A qualitative examination of affect and ideology within mass media interventions to increase HIV testing with gay men garnered from a systematic review

Langdridge, Darren and Flowers, Paul and Riddell, Julie and Boydell, Nicola and Teal, Gemma and Coia, Nicky and McDaid, Lisa (2020) A qualitative examination of affect and ideology within mass media interventions to increase HIV testing with gay men garnered from a systematic review. British Journal of Health Psychology. ISSN 1359-107X

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    Abstract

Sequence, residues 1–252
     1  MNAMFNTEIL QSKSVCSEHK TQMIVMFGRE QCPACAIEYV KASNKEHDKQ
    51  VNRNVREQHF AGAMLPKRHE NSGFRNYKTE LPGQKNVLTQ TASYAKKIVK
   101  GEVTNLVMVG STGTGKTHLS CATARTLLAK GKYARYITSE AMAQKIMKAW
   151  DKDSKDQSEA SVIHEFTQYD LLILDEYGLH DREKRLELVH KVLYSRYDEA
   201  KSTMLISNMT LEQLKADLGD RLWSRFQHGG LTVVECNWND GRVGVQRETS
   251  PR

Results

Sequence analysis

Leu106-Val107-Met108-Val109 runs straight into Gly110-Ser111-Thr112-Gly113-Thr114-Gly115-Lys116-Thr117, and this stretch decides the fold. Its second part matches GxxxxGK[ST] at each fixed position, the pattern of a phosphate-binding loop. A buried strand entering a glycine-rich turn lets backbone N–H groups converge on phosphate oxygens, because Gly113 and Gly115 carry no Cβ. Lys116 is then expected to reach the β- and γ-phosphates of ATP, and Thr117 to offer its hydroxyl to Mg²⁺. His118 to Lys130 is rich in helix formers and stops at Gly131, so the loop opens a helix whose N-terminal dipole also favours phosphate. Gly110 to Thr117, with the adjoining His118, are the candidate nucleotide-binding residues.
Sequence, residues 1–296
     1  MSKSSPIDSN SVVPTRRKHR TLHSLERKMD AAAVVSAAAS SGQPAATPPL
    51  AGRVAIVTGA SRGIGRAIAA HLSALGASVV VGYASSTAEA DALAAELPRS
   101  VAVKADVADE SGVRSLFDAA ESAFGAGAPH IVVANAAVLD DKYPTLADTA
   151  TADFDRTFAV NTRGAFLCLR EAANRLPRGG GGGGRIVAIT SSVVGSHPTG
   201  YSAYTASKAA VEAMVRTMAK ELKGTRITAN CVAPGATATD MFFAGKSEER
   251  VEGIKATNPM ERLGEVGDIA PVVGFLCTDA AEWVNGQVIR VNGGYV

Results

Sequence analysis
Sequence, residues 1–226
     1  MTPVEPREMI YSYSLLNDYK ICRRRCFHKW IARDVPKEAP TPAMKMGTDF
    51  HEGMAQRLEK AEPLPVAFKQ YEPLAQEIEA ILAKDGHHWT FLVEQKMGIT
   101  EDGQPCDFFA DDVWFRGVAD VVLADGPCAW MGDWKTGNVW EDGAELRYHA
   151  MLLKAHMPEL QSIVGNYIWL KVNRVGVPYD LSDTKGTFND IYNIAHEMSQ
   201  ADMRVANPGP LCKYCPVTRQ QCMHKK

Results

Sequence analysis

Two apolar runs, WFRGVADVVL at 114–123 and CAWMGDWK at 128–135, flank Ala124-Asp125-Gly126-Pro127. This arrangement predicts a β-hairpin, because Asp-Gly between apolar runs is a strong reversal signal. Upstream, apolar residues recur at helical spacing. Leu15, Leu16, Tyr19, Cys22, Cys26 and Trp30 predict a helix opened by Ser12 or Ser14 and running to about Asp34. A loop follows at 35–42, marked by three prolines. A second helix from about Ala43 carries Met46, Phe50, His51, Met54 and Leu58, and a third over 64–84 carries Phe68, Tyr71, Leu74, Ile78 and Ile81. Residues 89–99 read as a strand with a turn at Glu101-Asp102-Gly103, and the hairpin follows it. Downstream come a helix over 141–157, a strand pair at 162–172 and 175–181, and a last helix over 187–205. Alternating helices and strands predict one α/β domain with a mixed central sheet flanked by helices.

Objectives Increasing appropriate HIV testing among men who have sex with men (MSM) is crucial to HIV prevention. Mass media interventions are effective in promoting testing, but to date, there has been little examination of their active content. Design We conducted a qualitative analysis of intervention materials (n = 69) derived from a systematic review of mass media interventions designed to improve testing with MSM. Methods Visual data were analysed for their affective and ideological content using a novel method drawing on concepts from semiotics (i.e., broadly speaking, the analysis of signs). Results Whilst affect was not explicitly theorized or examined in any of the studies, there are clearly identifiable affective elements implicitly at play in these interventions. Four thematic categories of affect/ideology were identified including (1) sexual desire and the ‘pornographication’ of the gay/bisexual male subject; (2) narratives of romance and love; (3) fear, threat, and regret; and (4) ‘flattened’ affect. Conclusions This is the first study to examine and detail the affective and ideological aspects of intervention content in this field. Using analytic techniques such as those reported here, in addition to approaches that focus on the manner in which intervention content address more proximal determinants of behaviour, can provide a rich and potentially more useful evidence base to assist with future interventions.